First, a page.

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Judges divided on retrial for voluntary manslaughter

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In a case of first impression, the Indiana Court of Appeals reversed a man’s conviction of voluntary manslaughter, which the state chose to charge him with after he shot and killed his brother-in-law in what he claimed was self-defense.

Billy Brantley lived with his sister Martha Gunn, her husband Bruce Gunn and the couple’s minor son, Sean. Bruce had a history of chronic physical and mental health problems. He and his wife often verbally fought with each other and he was once arrested for domestic battery for choking Martha.

On July 14, 2014, after returning from a job interview, Brantley heard the couple fighting. The two were seated while arguing. Bruce was asked by Brantley to calm down, but he said he was going to “take care of all of his problems,” as he stood up. Brantley, believing Bruce was holding a knife fatally shot Brantley one time. The object turned out to be Bruce’s glasses.

The state charged Brantley with voluntary manslaughter, which the Court of Appeals pointed out it could not find an Indiana case in which someone hadn’t been charged or convicted of that crime who hadn’t also been charged with murder, although it does appear in the criminal code as its own crime. Brantley was convicted of the charge.

The state must prove sudden heat whether the charge is brought as a stand-alone charge or as a lesser included offense to murder, Judge Edward Najam wrote. And in this case, the state failed to produce any evidence, let alone prove by a reasonable doubt, that Brantley acted under “sudden heat” when he knowingly killed Bruce, he continued.

Here, neither party presented any evidence of sudden heat or made argument to the jury that Brantley acted under sudden heat. There was no evidence presented that Brantley was angry, enraged, suddenly resentful, or in terror,” Najam wrote. “There was no evidence that Brantley was anything but calm at all relevant times. And the State never argued otherwise to the jury … .”

Najam and Judge Melissa May wrote that the state cannot retry Brantley because of the insufficient evidence, leading to a dissent from Judge L. Mark Bailey. He took issue with a jury instruction that said “the state has conceded the existence of sudden heat by charging voluntary manslaughter instead of murder.”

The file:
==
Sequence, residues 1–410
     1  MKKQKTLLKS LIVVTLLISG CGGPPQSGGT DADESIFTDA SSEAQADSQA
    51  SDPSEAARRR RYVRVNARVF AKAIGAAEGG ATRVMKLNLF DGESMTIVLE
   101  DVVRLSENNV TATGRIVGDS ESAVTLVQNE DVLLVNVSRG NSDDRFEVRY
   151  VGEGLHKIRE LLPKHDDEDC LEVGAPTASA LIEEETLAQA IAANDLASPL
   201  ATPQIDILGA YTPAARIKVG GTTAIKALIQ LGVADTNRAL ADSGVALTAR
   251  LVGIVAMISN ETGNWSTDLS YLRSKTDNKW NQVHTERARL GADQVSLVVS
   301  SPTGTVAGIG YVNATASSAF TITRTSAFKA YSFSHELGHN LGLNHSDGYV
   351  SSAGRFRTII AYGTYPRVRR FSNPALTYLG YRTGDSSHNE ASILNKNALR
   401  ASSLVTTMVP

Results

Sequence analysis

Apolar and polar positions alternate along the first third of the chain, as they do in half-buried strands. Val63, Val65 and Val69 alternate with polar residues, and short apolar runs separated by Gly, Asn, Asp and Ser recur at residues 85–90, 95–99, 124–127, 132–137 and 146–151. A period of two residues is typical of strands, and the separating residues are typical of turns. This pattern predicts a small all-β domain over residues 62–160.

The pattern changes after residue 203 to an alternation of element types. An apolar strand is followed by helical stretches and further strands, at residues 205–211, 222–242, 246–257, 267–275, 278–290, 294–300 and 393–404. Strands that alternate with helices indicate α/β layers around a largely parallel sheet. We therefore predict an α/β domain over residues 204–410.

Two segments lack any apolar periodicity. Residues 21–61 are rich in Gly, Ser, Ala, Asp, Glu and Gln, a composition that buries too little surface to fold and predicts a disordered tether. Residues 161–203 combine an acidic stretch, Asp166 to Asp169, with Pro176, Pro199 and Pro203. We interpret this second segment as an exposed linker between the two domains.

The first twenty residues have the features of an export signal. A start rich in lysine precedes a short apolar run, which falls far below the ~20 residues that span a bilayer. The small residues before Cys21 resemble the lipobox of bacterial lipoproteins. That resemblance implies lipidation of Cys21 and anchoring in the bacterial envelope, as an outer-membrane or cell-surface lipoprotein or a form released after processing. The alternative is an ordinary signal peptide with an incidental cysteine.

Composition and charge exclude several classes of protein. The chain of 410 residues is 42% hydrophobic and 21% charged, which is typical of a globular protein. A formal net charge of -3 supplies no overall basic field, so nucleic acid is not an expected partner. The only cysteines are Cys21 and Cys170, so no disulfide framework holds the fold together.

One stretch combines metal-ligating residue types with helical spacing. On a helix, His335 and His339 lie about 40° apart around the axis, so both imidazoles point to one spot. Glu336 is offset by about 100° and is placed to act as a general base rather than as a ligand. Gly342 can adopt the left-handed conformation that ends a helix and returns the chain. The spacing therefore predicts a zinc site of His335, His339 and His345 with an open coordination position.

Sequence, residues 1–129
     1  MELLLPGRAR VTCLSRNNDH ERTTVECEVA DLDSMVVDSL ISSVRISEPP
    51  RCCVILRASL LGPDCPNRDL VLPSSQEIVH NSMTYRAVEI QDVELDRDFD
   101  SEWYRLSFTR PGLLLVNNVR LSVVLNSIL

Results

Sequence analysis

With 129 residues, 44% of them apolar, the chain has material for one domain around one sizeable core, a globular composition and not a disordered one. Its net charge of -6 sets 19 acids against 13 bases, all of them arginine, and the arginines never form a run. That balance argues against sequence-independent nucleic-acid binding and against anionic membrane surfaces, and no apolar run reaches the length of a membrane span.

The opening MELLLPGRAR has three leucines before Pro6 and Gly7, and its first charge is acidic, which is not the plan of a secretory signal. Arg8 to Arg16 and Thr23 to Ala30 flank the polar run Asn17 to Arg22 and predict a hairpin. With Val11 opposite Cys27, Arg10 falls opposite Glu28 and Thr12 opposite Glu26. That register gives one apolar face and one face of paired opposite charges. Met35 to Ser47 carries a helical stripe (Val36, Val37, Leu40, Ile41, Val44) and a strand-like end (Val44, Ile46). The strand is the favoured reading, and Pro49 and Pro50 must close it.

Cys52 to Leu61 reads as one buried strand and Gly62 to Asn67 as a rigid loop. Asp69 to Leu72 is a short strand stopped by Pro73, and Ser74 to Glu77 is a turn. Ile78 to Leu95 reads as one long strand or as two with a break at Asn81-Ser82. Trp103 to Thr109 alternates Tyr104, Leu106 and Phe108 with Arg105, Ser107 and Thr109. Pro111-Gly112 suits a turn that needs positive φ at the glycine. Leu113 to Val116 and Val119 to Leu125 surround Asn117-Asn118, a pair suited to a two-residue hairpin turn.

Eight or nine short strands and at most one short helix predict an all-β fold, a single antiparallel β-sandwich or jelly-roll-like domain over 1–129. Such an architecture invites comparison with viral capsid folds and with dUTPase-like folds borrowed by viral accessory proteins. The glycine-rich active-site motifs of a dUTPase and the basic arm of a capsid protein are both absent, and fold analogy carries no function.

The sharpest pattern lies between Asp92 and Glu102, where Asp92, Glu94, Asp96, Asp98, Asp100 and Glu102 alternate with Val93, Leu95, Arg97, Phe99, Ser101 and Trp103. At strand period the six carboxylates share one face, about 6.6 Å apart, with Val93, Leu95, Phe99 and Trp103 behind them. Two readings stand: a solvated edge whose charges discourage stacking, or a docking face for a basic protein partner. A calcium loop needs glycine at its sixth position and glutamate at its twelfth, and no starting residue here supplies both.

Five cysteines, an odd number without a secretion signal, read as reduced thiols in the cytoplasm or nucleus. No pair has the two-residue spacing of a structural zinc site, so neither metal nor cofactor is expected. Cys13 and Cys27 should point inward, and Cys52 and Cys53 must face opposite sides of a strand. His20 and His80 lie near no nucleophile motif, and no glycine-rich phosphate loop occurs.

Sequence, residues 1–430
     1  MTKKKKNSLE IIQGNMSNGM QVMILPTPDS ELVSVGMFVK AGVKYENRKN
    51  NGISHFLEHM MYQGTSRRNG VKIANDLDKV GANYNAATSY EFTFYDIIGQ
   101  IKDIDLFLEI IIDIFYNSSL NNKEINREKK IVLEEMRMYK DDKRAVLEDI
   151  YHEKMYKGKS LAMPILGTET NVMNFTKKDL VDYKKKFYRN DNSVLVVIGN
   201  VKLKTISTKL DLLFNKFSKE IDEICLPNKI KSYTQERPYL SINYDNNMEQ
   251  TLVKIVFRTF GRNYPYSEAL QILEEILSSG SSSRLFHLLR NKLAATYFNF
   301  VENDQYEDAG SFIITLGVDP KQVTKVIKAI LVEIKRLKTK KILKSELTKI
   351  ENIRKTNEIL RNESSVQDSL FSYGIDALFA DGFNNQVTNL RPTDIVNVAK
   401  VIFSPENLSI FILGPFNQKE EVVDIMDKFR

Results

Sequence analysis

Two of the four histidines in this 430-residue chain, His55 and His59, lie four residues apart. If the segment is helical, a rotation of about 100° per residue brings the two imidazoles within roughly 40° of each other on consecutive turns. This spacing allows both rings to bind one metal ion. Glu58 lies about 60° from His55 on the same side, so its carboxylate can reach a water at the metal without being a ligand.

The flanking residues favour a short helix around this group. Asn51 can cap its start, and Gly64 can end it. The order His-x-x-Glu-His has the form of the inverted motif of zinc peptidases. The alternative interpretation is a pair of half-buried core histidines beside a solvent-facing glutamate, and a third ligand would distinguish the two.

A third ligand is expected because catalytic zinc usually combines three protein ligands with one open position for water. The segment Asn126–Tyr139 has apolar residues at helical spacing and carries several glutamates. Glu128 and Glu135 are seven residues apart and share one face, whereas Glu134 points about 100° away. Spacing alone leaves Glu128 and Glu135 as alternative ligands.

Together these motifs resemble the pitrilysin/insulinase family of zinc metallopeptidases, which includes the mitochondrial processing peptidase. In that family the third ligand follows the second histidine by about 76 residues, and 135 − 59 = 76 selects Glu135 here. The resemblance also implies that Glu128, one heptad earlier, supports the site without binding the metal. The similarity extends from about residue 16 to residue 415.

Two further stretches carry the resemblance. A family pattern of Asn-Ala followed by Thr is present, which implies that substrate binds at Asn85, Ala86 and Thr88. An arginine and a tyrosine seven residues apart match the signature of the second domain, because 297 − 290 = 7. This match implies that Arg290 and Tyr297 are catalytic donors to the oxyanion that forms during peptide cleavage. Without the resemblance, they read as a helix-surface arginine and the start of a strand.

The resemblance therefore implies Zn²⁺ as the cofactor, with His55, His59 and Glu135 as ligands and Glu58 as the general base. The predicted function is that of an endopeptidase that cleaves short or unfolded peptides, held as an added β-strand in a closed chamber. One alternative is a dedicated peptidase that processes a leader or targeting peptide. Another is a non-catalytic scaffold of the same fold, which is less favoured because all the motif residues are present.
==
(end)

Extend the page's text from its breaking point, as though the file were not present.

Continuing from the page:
Bailey wrote that there is evidence of provocation and a sudden killing, so there is evidence from which the jury could conclude that Brantley acted in sudden heat. He would permit retrial on the charge of voluntary manslaughter and remand to the trial court.  

The case is Billy Brantley v. State of Indiana, 49A04-1606-CR-1401.
 

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  1. Don't we have bigger issues to concern ourselves with?

  2. Anyone who takes the time to study disciplinary and bar admission cases in Indiana ... much of which is, as a matter of course and by intent, off the record, would have a very difficult time drawing lines that did not take into account things which are not supposed to matter, such as affiliations, associations, associates and the like. Justice Hoosier style is a far departure than what issues in most other parts of North America. (More like Central America, in fact.) See, e.g., http://www.theindianalawyer.com/indiana-attorney-illegally-practicing-in-florida-suspended-for-18-months/PARAMS/article/42200 When while the Indiana court system end the cruel practice of killing prophets of due process and those advocating for blind justice?

  3. Wouldn't this call for an investigation of Government corruption? Chief Justice Loretta Rush, wrote that the case warranted the high court’s review because the method the Indiana Court of Appeals used to reach its decision was “a significant departure from the law.” Specifically, David wrote that the appellate panel ruled after reweighing of the evidence, which is NOT permissible at the appellate level. **But yet, they look the other way while an innocent child was taken by a loving mother who did nothing wrong"

  4. Different rules for different folks....

  5. I would strongly suggest anyone seeking mediation check the experience of the mediator. There are retired judges who decide to become mediators. Their training and experience is in making rulings which is not the point of mediation.

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